French oil and gas company Total today announced that the two technical solutions to stop the gas leak on well G4 of the Elgin platform are progressing according to plan. As announced, drilling of the G4 relief well (G4-K1) commenced while in parallel experts continued with key tasks in preparation for the well control operation to stop the leak on the Elgin platform.
The Sedco 714 drilling rig spudded the relief well on April 18 to be used as a back-up option to the G4 well control operation. The Sedco 714 well site is located approximately 2 kilometres east of the Elgin complex in water depths of around 90 meters. The drilling began following the granting of all necessary approvals by the UK authorities.
Another drilling rig, the Rowan Gorilla V, is suspending operations on the nearby West Franklin field and will be available to be deployed by early-May.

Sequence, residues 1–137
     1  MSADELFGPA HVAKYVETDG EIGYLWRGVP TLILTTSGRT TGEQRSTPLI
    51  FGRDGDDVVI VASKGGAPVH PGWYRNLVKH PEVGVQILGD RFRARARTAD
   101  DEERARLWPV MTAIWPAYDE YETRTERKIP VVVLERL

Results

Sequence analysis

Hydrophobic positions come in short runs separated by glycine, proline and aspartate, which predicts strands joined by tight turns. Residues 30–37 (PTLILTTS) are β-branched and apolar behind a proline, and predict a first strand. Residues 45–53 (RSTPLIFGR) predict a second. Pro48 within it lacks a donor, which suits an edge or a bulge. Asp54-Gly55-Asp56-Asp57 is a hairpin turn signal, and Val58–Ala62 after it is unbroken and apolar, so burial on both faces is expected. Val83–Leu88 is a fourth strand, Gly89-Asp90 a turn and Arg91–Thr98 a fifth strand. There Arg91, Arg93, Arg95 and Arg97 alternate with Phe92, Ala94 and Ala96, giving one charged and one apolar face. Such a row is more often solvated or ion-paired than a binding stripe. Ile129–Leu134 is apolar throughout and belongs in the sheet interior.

In parallel, plans are being finalized for the positioning of the pumping vessel required for the well intervention alongside the Elgin complex. The West Phoenix is currently on standby just outside the two nautical mile Elgin exclusion zone. Total has also mobilised the intervention vessel Skandi Aker, currently in the Scottish port of Peterhead, which will also be used to support the well intervention operation.
Two helicopter trips were made this week to the Elgin platform during which Total and Wild Well Control teams were able to confirm that the Elgin PUQ provides a safe base from which to support the G4 well control operations. They also continued with work to lay out equipment and ensure that the platform systems required to support the intervention are functional.
The latest scientific flights, modelling and platform visits this week confirm a decrease in the gas leak rate, to around one third of the initial estimate of approximately 200,000 m3/day made in the first days of the Elgin gas leak.
Separately, Scottish authorities said chemical testing of water and sediment samples gathered two miles from the Elgin platform indicate there has been no direct marine contamination from the G4 leak.
April 20, 2012; Image: Total